The iPhone 4 'death grip' (aka 'antennagate') antenna degradation effect is real and plastic cases don't help, or so say UK researchers from University of Bristol. You hold a handset (any handset), and you affect the signal.
This from the statement accompanying the research:
The results from the study indicate a 100-fold reduction in sensitivity of the device when held, or when the user's thumb is mimicked by phantom material. This de-tuning of the antenna was found not to significantly alter the shape of the radiation pattern, but dramatically worsened the electrical match between the antenna and the electronic circuitry.
What's worse are the findings that a plastic case may not help alleviate the effect:
Further tests concluded that providing a gap between the antenna surface and the phantom thumb using a layer of plastic electrical insulator did not restore the matching and operational sensitivity of the phone for the antennas under evaluation. Thus, some phone covers in the market place may not improve the situation.
Let's also play fair here. While the iPhone 4 was the handset that made 'Death Grip and 'Antennagate' household words, other handset are affected in similar ways - basically the human hand is a good attenuator, and the more of the antenna you cover up, the worse the problem becomes.
As Scotty would say, "You cannae change the laws of physics!"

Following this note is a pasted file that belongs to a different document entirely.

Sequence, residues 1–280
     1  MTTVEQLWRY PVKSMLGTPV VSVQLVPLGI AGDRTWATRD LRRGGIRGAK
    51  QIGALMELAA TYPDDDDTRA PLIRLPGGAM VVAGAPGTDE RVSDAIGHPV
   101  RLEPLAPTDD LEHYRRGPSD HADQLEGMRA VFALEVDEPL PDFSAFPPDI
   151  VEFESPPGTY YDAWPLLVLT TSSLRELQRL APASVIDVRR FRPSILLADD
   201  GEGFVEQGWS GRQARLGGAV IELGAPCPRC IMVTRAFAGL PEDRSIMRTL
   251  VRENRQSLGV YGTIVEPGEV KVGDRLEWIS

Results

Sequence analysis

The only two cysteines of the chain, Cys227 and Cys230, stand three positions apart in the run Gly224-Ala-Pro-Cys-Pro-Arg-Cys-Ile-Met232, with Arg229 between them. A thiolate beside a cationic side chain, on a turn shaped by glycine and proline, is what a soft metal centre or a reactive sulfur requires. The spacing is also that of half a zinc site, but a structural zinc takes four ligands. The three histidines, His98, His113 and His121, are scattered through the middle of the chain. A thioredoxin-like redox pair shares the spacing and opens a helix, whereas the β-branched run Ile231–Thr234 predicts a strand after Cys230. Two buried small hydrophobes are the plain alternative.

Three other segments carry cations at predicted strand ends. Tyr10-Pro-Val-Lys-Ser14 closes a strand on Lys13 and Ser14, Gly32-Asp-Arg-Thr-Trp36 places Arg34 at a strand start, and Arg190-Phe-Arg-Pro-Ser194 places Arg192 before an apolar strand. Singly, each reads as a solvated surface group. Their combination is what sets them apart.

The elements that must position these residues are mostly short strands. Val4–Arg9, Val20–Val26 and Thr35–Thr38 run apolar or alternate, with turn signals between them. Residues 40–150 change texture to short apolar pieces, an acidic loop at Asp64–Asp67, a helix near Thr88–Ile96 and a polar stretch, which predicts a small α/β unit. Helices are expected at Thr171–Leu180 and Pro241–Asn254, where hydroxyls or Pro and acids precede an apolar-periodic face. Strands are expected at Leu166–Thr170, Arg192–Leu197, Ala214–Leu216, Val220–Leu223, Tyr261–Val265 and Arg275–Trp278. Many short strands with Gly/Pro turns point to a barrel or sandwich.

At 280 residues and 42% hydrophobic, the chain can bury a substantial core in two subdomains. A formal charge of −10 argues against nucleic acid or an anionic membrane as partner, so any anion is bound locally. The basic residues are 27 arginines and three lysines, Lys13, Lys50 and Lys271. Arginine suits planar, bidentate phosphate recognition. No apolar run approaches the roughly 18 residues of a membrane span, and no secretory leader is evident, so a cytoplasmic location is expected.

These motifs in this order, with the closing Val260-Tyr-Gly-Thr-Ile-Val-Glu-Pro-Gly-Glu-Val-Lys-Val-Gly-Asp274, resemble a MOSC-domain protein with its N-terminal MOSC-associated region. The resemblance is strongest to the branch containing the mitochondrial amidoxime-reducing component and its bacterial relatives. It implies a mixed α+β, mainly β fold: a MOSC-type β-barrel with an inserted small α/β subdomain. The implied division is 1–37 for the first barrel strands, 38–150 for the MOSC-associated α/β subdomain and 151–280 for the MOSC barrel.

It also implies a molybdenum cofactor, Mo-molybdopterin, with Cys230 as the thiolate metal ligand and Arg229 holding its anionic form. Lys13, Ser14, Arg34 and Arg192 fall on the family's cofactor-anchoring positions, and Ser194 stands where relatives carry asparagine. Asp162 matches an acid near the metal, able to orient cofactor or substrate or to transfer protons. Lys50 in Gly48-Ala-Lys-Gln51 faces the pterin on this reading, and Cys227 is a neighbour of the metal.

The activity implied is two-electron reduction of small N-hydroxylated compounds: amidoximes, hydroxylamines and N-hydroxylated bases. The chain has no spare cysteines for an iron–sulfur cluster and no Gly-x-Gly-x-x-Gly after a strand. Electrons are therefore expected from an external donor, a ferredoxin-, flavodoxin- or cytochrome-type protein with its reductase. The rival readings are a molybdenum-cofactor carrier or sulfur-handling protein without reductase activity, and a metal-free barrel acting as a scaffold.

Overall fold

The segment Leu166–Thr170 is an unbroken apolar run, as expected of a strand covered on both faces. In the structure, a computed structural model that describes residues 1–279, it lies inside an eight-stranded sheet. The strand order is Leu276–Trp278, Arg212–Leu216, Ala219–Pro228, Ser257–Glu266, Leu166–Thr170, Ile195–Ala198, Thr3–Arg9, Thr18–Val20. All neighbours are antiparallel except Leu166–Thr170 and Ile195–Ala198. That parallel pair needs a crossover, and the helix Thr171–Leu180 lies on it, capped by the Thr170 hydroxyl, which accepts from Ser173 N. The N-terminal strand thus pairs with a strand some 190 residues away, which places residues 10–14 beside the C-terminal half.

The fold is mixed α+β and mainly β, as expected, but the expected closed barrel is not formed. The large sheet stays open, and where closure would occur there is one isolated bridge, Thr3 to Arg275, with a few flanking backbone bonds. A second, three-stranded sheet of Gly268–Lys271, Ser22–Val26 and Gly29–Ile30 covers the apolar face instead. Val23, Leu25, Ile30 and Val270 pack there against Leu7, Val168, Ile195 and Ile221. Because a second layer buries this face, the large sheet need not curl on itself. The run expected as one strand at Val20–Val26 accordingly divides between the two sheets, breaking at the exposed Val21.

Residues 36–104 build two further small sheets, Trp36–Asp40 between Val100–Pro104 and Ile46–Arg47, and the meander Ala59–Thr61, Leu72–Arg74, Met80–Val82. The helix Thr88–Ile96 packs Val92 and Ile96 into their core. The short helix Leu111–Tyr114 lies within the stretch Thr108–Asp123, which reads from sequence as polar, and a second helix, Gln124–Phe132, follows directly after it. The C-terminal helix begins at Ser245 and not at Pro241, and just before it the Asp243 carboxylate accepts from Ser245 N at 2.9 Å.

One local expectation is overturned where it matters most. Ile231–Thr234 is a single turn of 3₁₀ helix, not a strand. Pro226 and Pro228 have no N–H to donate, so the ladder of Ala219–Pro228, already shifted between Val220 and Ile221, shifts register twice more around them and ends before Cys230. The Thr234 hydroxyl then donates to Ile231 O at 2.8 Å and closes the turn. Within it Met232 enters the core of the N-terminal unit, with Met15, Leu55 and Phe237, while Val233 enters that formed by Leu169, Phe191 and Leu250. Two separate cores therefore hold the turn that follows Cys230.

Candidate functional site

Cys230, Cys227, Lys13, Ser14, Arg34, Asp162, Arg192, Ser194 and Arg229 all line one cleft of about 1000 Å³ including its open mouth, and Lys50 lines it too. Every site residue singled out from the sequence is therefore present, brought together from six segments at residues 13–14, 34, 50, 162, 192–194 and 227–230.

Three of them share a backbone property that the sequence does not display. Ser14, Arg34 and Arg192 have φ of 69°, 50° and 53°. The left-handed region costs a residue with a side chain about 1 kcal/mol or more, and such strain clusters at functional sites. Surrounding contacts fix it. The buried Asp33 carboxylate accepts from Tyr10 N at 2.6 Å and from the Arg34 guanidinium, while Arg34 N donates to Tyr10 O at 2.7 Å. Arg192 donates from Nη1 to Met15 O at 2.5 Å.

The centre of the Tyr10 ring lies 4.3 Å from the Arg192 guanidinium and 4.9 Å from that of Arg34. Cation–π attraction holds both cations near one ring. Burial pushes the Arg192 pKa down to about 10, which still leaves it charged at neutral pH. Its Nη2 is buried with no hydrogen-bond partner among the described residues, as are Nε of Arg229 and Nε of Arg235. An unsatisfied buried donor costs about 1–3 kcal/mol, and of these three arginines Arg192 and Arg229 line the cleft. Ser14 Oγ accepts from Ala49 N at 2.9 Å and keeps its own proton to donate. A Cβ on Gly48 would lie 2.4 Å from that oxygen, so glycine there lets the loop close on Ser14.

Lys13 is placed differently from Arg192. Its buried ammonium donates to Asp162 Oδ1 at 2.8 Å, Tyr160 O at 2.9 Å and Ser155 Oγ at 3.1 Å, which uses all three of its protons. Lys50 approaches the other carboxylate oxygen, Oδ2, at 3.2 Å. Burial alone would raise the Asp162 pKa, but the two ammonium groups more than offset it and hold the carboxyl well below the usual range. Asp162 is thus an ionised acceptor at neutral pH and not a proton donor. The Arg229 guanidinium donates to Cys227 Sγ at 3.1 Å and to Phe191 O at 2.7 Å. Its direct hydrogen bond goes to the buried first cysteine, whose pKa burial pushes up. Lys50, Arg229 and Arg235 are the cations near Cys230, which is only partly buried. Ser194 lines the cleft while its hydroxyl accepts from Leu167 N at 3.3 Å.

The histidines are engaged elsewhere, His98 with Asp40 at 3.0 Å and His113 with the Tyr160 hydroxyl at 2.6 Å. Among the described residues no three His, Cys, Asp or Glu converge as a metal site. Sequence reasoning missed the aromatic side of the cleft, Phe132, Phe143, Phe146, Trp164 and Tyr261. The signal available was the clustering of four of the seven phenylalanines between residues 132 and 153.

It's worth noting that this research only examined the effect of the hand on external antennas and NOT the issue of the two elements of the antenna being bridged by by the user's hand, something that is alleviated by having the handset inside a case.
[UPDATE: I approached Prof Mark Beech for some clarification as to how the testing was done. Here's what I received back:
2005 consisting only of 4 slot antennas to investigate the complex interactions between the wireless channel, the antennas and interaction with the user. This 'MIMO enabled handset' was then used with our channel sounder to look at MIMO specific channel parameters.
We conducted further analysis, including measurements in our anechoic and application of the phantom thumb, following media interest in Smart Phone Wireless Connectivity summer 2010.
We did NOT test an iPhone4 or other products currently in the marketplace.
Note: If you're subscriber to the IEEE journal Antennas and Wireless Propagation Letters then you can find the research paper here.